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Wayne A. Thorp, CFA is a vice president and senior financial analyst at AAII and editor of Computerized Investing. Follow him on Twitter at @AAII_CI.


Discussion

R Dombrowski from New York posted about 1 year ago:

Printable as a PDF doesn't work when there's an embedded excel file that must be scrolled.


Wm Schauweker from Massachusetts posted about 1 year ago:

I've seen variations on the following several times in AAII pubs: "It is important to take your list of passing companies and, at a minimum, perform some cursory qualitative analysis to decide whether or not they are right for your stock portfolio."

Can you point to some more specific recommendations?


Jean Henrich from Illinois posted about 1 year ago:

R - the "Download Printable PDF" link brings up the Journal pages as laid out in the hard-copy print version that is sent in the mail, so the embedded excel files are not a factor. It's only the "printer-friendly" version that will not show the entire excel tables.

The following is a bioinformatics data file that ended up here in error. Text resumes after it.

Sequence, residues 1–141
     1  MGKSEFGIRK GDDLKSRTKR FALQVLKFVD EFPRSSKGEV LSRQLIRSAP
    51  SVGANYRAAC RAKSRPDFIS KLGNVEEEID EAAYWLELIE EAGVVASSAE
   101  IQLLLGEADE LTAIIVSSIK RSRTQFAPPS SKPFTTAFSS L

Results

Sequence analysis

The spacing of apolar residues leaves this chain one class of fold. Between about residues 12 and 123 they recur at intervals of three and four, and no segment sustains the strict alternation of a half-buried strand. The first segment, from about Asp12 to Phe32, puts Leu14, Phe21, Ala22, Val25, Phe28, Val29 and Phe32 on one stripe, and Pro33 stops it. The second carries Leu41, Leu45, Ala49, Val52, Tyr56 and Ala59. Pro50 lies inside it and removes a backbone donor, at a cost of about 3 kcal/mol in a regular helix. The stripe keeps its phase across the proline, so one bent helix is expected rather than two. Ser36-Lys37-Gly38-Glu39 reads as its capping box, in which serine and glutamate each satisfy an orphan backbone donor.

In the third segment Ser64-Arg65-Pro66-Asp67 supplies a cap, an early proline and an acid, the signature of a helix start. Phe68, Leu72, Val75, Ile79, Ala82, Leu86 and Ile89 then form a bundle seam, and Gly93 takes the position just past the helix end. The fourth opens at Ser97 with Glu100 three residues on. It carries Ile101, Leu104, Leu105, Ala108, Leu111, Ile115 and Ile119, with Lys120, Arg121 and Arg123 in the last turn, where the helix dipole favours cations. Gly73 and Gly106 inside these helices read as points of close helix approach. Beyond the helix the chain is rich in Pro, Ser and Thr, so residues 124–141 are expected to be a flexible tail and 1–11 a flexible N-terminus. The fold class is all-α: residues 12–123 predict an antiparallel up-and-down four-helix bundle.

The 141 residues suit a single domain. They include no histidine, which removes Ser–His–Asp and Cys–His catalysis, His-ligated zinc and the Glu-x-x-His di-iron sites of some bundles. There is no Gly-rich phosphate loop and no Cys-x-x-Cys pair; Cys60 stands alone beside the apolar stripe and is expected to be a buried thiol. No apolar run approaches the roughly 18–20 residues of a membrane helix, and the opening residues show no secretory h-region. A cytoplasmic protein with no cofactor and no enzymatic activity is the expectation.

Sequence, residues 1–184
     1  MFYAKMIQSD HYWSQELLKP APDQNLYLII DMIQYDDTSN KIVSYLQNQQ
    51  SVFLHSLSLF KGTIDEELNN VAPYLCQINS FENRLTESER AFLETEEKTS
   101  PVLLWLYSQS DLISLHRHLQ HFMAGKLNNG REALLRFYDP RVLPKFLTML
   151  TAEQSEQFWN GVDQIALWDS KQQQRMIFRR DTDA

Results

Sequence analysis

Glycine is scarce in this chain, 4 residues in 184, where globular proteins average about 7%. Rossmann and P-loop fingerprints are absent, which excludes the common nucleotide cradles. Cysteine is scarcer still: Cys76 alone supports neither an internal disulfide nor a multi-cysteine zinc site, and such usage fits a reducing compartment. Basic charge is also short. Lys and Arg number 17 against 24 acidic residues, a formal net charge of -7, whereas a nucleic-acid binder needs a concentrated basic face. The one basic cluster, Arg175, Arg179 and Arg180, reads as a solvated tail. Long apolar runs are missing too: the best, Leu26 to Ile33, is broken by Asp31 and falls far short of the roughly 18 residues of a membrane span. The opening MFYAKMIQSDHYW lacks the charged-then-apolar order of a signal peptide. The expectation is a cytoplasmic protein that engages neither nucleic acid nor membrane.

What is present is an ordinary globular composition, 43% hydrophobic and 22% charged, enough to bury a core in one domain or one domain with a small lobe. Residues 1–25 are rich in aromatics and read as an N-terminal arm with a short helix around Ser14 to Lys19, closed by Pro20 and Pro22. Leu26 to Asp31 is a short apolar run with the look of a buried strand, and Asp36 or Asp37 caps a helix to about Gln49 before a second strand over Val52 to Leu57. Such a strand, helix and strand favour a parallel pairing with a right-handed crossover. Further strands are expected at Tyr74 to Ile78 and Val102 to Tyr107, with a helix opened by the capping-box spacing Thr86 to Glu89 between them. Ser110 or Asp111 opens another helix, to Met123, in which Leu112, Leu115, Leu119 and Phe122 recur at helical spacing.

Wm - for guidance on analyzing a stock, see the Investor Classroom area of the website at www.aaii.com/classroom. Scroll down to "How to Choose a Stock" for a simple worksheet and "Digging for Gold: What the Financial Statements Reveal About a Firm" for an explanation of stock data and how to use it.

--Jean at AAII


Robert Koch from Missouri posted about 1 year ago:

Under "Winning Characteristics," there appears, "Low multiples (price-earnings, price-to-book value, etc.), on a relative rather than an absolute basis." My question is, Relative to what--the general market, a specific industry, historic multiples? Or doesn't it matter?


Everett Senter from Hawaii posted about 1 year ago:

I'm considering investing in this portfolio, but it might be best to wait until the rebalancing since the last year has been so good. That is, with a lot of gain there would normally be more potential for loss than right after a re-balancing. When is the next re-balance scheduled?